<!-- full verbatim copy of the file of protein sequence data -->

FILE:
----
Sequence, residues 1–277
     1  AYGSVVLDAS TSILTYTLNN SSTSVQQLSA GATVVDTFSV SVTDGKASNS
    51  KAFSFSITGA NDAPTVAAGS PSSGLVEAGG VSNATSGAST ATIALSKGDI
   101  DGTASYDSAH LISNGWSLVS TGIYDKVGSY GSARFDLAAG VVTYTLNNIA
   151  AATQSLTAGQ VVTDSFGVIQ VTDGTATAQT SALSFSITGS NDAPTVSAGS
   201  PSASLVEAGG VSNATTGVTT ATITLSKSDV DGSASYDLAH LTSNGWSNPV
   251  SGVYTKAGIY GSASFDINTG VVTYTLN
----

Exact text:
Sequence, residues 1–277
     1  AYGSVVLDAS TSILTYTLNN SSTSVQQLSA GATVVDTFSV SVTDGKASNS
    51  KAFSFSITGA NDAPTVAAGS PSSGLVEAGG VSNATSGAST ATIALSKGDI
   101  DGTASYDSAH LISNGWSLVS TGIYDKVGSY GSARFDLAAG VVTYTLNNIA
   151  AATQSLTAGQ VVTDSFGVIQ VTDGTATAQT SALSFSITGS NDAPTVSAGS
   201  PSASLVEAGG VSNATTGVTT ATITLSKSDV DGSASYDLAH LTSNGWSNPV
   251  SGVYTKAGIY GSASFDINTG VVTYTLN